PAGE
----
The three-month moving average of real retail sales ticked up 0.6 percent in August, the latest data available (Chart 4). Year over year, the smoothed retail sales index was up 4.5 percent. Sustained growth in remittance flows may be contributing to the elevated level of Mexican retail spending despite high domestic inflation.

Chart 4

Job gains continue at sluggish pace in October

Formal sector employment—jobs with government benefits and pensions—only grew an annualized 1.0 percent (18,000 jobs) in October (Chart 5). Total employment, representing 58.5 million workers and including informal sector jobs, was up 1.9 percent year over year in second quarter 2023. The unemployment rate in September was 2.7 percent, the same as in August.

Chart 5

Peso ticks down in October

The Mexican currency averaged 18.1 pesos per dollar in October, below September’s average of 17.3 pesos per dollar (Chart 6). Mexico’s solid macroeconomic framework, fiscal discipline and prospects for nearshoring investment likely have contributed to the peso’s appreciation and stability this year despite some weakening in the last three months.

Chart 6

Remittances remain elevated

The three-month moving average of real remittances to Mexico grew 1.3 percent in September after being little changed in August (Chart 7). Remittances are close to record highs as U.S. job growth remains strong, boosting the capacity of Mexicans working abroad to send money back home.

Chart 7

Domestic investment growth accelerates in 2023

Private investment has been on an upward trend since the end of the pandemic, reaching prepandemic levels in third quarter 2021. Private investment was 22.3 percent of GDP in second quarter 2023, up from 18.6 percent in first quarter 2020 (Chart 8). In addition, public investment is finally growing after years of decline, and it has stabilized at 2.5 percent of GDP. The increase in private investment is due to investment catching up after many projects were suspended due to the pandemic. A strong peso also makes imports of machinery and equipment less expensive, and companies are taking this opportunity to replace dated equipment. Finally, some of this domestic investment is in preparation for nearshoring projects, according to multiple sources.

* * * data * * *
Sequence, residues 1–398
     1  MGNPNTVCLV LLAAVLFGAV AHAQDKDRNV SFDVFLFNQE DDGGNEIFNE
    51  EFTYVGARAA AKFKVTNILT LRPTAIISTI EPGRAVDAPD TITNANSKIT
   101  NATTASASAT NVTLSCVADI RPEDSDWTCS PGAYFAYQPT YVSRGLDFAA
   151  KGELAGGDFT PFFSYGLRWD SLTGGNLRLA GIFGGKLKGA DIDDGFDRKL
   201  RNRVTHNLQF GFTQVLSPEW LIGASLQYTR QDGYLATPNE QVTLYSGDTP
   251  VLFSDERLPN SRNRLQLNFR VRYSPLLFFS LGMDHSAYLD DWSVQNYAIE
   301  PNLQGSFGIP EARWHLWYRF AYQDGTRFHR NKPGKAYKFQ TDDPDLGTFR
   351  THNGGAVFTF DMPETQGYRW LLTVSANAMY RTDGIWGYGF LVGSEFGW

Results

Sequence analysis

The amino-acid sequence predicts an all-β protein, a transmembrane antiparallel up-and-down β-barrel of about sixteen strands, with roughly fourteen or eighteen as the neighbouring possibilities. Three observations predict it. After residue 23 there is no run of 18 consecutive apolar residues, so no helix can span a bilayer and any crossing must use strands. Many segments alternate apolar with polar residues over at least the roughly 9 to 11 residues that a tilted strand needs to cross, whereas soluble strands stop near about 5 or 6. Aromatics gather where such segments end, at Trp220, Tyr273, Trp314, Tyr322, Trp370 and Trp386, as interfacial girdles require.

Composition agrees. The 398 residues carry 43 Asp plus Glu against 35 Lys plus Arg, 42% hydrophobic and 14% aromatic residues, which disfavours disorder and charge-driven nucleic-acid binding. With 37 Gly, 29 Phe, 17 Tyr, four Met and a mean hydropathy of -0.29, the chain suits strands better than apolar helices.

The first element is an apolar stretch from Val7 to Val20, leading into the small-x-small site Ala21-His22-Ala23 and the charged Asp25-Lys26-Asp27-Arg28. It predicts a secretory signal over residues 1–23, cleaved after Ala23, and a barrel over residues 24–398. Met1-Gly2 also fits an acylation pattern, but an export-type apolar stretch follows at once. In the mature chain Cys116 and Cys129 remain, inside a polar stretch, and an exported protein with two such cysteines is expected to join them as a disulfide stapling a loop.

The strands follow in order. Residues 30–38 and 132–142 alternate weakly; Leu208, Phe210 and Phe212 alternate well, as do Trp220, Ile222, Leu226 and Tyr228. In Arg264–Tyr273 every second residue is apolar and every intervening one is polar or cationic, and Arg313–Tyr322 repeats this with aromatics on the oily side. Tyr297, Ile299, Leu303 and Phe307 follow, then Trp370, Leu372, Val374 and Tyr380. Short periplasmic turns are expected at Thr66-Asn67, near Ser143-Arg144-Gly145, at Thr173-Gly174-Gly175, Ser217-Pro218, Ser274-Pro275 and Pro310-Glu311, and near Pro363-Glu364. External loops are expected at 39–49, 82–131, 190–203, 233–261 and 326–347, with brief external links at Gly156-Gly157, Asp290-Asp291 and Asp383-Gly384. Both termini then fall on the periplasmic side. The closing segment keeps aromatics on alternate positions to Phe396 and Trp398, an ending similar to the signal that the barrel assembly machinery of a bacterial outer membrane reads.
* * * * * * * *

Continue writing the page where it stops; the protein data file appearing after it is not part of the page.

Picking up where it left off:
Chart 8

Inflation continues slowing

Mexico’s consumer price index (CPI) increased 4.3 percent in October, slightly slower than September’s 4.5 percent rise (Chart 9). CPI core inflation, which excludes food and energy, also slowed, to 5.5 percent. In November, Mexico’s central bank kept its benchmark interest rate steady at 11.25 percent for the fifth consecutive meeting. The central bank noted in a statement that although the inflation outlook remains complicated, progress has been made. However, the central bank noted still-elevated core inflation as one of the main risks to the outlook. The central bank expects inflation to converge to the 3.0 percent target by second quarter 2025.

Chart 9

About the authors

Jesus Cañas

Jesus Cañas is a senior business economist in the Research Department at the Federal Reserve Bank of Dallas.

Diego Morales-Burnett

Diego Morales-Burnett is a research analyst in the Research Department at the Federal Reserve Bank of Dallas

The views expressed are those of the authors and should not be attributed to the Federal Reserve Bank of Dallas or the Federal Reserve System.